In the face of Russia's stunning recent losses in northeastern Ukraine, President Vladmir Putin has just announced the mobilization of 300,000 Russian reservists. These are conventional (i.e., non-nuclear) forces, but Putin used the occasion to lob nuclear threats: "In the event of a threat to the territorial integrity of our country and to defend Russia and our people, we will certainly make use of all weapon systems available to us. This is not a bluff," he warned. "Those who are using nuclear blackmail against us should know that the wind rose can turn around."
Despite this threatening rhetoric, Putin's partial mobilization of Russia's conventional forces may actually lower the risk of Russian use of nuclear weapons in Ukraine — at least for now. Unfortunately, however, it will also prolong a brutal war while potentially paving the way for Putin to engage in other forms of devastating non-nuclear escalation from which Russia has so far largely refrained.
PUTIN MAY GAMBLE
For all the nuclear bluster, Putin's main move today was announcing partial mobilization — and from a nuclear risk perspective, that may be good news. A truly desperate Putin might have turned to nuclear weapons simply due to a lack of other options for arresting the collapse of his military and what he sees as a politically vital project in Ukraine.
Instead, Putin's attempt to bolster his conventional forces suggests he is not eager to turn to nuclear attack as a means of achieving his goals in Ukraine. Putin certainly knows that any Russian nuclear use would carry severe and unpredictable consequences, as the Biden administration has repeatedly signaled.
Yet Russian military setbacks in recent weeks had raised concerns that Putin might nevertheless gamble on nuclear escalation. The concern was not that Putin would suddenly lob nuclear weapons at NATO, a nuclear alliance that can credibly threaten retaliation. Rather, the fear has been that Putin might use nuclear weapons against Ukraine itself, which lacks a nuclear arsenal or a security guarantee from a nuclear power.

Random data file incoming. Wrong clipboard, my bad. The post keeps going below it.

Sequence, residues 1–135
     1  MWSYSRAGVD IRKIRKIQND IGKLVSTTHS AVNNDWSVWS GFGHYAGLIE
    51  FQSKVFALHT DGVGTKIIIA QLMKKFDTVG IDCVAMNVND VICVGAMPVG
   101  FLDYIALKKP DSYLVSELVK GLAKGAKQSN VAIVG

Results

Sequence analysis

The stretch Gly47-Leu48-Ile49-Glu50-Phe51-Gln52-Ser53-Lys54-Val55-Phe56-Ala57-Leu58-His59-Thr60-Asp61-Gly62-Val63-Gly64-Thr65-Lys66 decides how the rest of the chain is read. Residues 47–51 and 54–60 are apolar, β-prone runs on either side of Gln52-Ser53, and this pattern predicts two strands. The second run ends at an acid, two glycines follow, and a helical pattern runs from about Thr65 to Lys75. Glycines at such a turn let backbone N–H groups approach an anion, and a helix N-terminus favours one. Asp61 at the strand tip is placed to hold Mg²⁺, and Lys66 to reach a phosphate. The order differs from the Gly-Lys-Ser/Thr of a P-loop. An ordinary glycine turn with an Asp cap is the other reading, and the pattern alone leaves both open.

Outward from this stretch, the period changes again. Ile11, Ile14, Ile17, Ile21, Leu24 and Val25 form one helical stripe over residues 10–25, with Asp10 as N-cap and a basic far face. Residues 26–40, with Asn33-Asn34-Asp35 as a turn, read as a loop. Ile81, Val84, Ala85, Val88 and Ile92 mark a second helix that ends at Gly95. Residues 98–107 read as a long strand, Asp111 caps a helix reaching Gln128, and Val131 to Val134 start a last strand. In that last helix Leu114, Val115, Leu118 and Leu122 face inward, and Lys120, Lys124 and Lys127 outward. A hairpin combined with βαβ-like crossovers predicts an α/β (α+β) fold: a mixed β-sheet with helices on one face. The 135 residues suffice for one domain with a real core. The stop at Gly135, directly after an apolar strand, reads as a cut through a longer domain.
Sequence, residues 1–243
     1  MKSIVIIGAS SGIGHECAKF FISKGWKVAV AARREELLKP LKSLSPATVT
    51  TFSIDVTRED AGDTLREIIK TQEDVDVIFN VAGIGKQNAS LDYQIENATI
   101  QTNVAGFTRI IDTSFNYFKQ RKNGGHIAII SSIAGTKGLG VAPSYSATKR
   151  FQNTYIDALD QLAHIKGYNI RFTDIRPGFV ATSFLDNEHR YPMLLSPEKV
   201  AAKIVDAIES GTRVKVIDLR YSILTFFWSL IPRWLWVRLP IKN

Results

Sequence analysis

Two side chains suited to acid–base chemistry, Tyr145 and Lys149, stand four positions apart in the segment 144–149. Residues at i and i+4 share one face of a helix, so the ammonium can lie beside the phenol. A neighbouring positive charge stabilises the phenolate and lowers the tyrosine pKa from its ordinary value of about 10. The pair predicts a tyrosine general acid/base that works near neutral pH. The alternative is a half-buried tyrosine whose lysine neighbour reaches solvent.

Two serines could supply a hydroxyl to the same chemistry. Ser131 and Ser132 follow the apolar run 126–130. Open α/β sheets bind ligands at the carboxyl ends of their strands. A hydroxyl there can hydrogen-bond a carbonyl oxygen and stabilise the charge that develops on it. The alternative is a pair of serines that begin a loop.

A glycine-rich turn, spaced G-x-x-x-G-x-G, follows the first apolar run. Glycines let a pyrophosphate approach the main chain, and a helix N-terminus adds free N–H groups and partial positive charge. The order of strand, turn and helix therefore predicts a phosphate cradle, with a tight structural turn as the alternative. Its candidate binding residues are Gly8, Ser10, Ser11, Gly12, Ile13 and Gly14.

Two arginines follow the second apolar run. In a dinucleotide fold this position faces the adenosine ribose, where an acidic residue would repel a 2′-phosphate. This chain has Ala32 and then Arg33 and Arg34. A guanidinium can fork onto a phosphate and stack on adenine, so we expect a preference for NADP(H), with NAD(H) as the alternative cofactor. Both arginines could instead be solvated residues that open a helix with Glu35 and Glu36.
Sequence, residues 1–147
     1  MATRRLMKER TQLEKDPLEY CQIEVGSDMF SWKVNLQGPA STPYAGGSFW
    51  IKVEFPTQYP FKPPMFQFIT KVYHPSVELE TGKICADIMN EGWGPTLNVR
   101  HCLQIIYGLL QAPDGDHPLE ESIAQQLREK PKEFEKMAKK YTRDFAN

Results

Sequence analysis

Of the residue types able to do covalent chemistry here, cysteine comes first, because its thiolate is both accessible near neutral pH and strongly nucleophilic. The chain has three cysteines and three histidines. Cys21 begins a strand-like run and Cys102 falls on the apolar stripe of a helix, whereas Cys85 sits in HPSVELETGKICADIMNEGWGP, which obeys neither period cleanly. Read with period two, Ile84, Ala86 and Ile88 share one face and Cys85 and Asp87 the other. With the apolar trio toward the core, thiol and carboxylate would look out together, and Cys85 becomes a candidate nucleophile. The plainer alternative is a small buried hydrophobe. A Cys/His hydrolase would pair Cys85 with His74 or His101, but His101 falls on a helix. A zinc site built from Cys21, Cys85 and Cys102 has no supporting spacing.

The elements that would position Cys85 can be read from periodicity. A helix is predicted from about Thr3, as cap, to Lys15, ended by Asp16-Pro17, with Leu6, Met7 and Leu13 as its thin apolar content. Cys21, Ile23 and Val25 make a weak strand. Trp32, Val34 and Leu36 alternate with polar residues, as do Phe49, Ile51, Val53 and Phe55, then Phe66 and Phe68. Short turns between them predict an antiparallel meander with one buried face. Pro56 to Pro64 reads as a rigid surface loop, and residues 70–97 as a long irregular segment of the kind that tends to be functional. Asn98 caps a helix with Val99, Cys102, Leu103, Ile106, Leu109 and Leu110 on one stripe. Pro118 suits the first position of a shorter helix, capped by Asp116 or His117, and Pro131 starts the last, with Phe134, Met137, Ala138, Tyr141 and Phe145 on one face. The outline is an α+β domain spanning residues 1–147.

Indeed, Russia's large stock of so-called "nonstrategic" weapons looks tailor-made to break up large concentrations of Ukrainian forces — the type, for instance, that could threaten to take back Russian-held territory near Kherson in the south just as they have recently done around Kharkiv in the east. Nuclear weapons could also offer a horrific but effective way of decapitating the Zelenskyy regime.
But the real risk was that Putin would turn to nuclear weapons if his conventional army collapsed. Of course, even with this new mobilization, Russian success on the battlefield remains far from guaranteed. Putin's forces are beset by numerous problems and pathologies common to personalist dictatorships, from low morale to poor logistics to inadequate tactical skills.
Furthermore, Putin's mobilization is likely to remain limited given potential domestic opposition. After all, if it were easy and costless to call up all the country's young men, he surely would have done it much earlier in the war.
But today's move buys time, and indicates a willingness to take non-nuclear steps up the escalation ladder. Purely from the perspective of avoiding nuclear war — in a conflict started by a personalist dictator facing few domestic constraints — that's good news.
MOBILIZATION SHOWS COMMITMENT